3D printing technology undoubtedly presents opportunities for a completely new type of production that will revolutionize the workplace, as the many posts on this blog demonstrate. But as with all new forms of technology its development also raises many questions.
A cheap, commerical 3D printer
A recent report appears to find evidence that the use of 3D printers creates a bi product of nano particles that may be harmful to humans.
A research team measured ultra fine particle emissions (UFP) from the types of 3D printer typically in domestic or office use. Their findings are published in this rather technical report, and mathematics is certainly not my forte’, but it can be easily summarized: the results show that mean concentration of UFP’s is almost three times higher during 3D printer operation, meaning that these types of printers must be classed as UFP “high emitters”.
Now we need to see the results in context however, the levels reported are similar to those produced when we cook on a barbeque, but I personally use my barbeque in the garden, not in a small sealed room in the office.
The printers in question are often grouped together or found in air conditioned spaces with little ventilation, they are not sold with ventilation and there is no venting legislation, so the levels of UFP tends to increase over time in the spaces where they are used.
Particles of this type have been found to be damaging to mammals because they can easily pass into the respiratory system and cause inflammation. Some are so small that they can pass directly into the blood stream and into the organism itself.
The authors conclude that “caution should be used when operating some commercially available 3D printers in unvented or inadequately filtered indoor environments. Additionally, more controlled experiments should be conducted to more fundamentally evaluate aerosol emissions from a wider range of desktop 3D printers and feedstocks”.
A little common sense and some awareness raising and a health risk can be avoided. Industrial users have a culture of health and safety related to emissions, something that office culture might lack, but it could certainly be learned and implemented.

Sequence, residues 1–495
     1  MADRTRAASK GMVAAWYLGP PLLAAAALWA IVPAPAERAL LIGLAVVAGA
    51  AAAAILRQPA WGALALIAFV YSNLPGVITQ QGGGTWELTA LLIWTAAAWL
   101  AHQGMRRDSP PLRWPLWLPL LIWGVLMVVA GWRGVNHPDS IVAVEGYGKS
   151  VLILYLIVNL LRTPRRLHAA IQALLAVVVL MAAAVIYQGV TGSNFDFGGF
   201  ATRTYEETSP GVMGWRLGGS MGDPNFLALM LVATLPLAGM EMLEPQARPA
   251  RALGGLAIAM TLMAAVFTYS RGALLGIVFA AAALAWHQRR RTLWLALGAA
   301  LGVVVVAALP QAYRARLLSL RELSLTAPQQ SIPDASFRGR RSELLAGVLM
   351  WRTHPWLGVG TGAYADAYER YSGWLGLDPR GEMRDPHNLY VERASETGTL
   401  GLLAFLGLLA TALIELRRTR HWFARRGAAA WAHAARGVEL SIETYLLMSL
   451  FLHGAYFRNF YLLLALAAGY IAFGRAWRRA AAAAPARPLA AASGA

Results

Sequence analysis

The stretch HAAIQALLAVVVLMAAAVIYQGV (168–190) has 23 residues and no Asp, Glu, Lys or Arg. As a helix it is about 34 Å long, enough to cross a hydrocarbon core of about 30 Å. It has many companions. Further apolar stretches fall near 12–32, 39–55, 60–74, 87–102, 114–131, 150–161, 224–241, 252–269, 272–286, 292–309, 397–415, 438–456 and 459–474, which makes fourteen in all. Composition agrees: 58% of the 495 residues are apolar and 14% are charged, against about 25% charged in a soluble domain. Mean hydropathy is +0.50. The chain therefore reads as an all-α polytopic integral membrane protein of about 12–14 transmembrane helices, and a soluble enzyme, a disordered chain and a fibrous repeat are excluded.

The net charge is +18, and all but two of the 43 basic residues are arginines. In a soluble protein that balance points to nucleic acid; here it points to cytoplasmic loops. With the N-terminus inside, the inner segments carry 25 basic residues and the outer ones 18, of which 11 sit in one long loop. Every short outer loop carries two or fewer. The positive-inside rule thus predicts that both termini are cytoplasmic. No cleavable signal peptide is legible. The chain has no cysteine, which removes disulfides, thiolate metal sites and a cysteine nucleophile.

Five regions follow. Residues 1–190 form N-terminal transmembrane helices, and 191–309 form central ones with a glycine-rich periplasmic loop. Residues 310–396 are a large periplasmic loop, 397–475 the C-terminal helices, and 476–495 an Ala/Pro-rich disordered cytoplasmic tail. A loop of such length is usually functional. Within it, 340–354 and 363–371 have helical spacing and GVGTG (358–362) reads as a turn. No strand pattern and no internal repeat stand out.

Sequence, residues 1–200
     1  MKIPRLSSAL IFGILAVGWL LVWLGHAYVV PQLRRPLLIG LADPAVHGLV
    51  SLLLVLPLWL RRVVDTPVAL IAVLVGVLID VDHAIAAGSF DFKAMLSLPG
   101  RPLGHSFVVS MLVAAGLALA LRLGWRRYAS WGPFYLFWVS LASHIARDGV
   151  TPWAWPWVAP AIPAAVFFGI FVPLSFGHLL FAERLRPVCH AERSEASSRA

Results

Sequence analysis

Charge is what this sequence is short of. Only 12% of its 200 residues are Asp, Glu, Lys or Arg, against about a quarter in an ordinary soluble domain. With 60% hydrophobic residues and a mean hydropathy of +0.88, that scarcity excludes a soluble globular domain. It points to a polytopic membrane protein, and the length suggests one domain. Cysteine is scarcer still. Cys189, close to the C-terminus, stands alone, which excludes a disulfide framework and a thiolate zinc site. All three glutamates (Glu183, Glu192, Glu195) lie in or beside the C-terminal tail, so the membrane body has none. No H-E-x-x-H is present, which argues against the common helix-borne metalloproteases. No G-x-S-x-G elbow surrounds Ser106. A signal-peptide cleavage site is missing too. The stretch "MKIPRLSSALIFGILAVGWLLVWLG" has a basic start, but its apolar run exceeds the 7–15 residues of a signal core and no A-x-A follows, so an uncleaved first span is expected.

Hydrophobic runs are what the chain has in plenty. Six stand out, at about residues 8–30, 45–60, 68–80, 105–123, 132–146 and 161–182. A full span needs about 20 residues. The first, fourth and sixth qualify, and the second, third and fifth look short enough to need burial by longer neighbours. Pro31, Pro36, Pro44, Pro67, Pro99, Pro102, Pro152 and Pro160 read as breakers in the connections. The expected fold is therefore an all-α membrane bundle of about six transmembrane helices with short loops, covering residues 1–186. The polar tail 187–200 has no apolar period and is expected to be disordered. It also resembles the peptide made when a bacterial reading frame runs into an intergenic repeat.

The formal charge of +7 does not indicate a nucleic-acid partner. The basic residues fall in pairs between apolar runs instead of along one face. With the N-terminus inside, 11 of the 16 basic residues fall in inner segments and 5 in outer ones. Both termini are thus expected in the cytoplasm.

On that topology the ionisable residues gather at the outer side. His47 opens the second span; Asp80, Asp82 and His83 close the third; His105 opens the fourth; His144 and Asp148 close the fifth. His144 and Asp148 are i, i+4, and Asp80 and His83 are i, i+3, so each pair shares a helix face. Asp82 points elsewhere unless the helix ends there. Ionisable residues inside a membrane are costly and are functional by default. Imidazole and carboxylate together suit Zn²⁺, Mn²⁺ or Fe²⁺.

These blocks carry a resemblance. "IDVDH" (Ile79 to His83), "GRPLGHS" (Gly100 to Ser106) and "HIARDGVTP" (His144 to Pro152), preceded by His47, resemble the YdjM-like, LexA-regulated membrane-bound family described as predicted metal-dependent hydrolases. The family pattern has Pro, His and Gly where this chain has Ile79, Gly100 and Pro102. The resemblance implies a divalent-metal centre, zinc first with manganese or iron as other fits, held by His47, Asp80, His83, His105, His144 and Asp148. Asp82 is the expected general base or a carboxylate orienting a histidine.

Anyway, the sun is out, where are those frozen veggie burgers?
The World Economic Forum recently released its Global Information Technology Report 2013, and in this post I would like to have a quick look at it.
It is a long document, so I will just try to take a few highlights to give an idea of the findings.
The report has a Network Readiness Index that aims to measure how prepared countries are to adopt and make the most of new technology. Factors such as investment in broadband and other telecommunications fields obviously enter, but so does the quality of the education system and regulatory powers.
Finland leads the world in embracing technology, followed by Singapore and Sweden. The UK is in 7th place, the USA in 9th and my present home Italy is well down at number 50.
The Nordic countries and the so-called Asian Tigers – Singapore, Taiwan (China), South Korea and Hong Kong SAR – dominate this year’s index thanks to their business-friendly approach, highly skilled populations and investments in infrastructure, among other strengths. Finland, which arguably has one of the best educational systems in the world, stands out as a digital innovation hub.
Southern Europe shows a massive lag in fact with the North, and this is a major problem.
The positioning is not only important for so called ‘techies’, but really important for the economy as a whole, and here in Italy (and in Southern Europe on the whole) we are in serious need of economic improvement.
Latin America, the Caribbean and sub-Saharan Africa also suffer from a serious lag despite infrastructure improvements, an expansion of coverage and a push into e-government. Weaknesses in the political and regulatory environment, the existence of large segments of the population with a low skills base and poor development of the innovation system are all factors hindering Latin America’s technological potential. In sub-Saharan Africa, costly access to technology, a low skills base and unfavourable business conditions are among the chief obstacles.
The report demonstrates that economic growth and technological readiness are tightly linked.
A look at the top 10
An analysis by Booz & Company has found that ICT could help lift millions out of poverty.
Digitization has boosted world economic output by US$ 193 billion over the past two years and created 6 million jobs during that period, according to the study. Using a Digitization Index that ranks countries on a scale from zero to 100, Booz & Company found that an increase of 10% in a country’s digitization score fuels a 0.75% growth in its GDP per capita. That same 10% boost in digitization leads to a 1.02% drop in a state’s unemployment rate.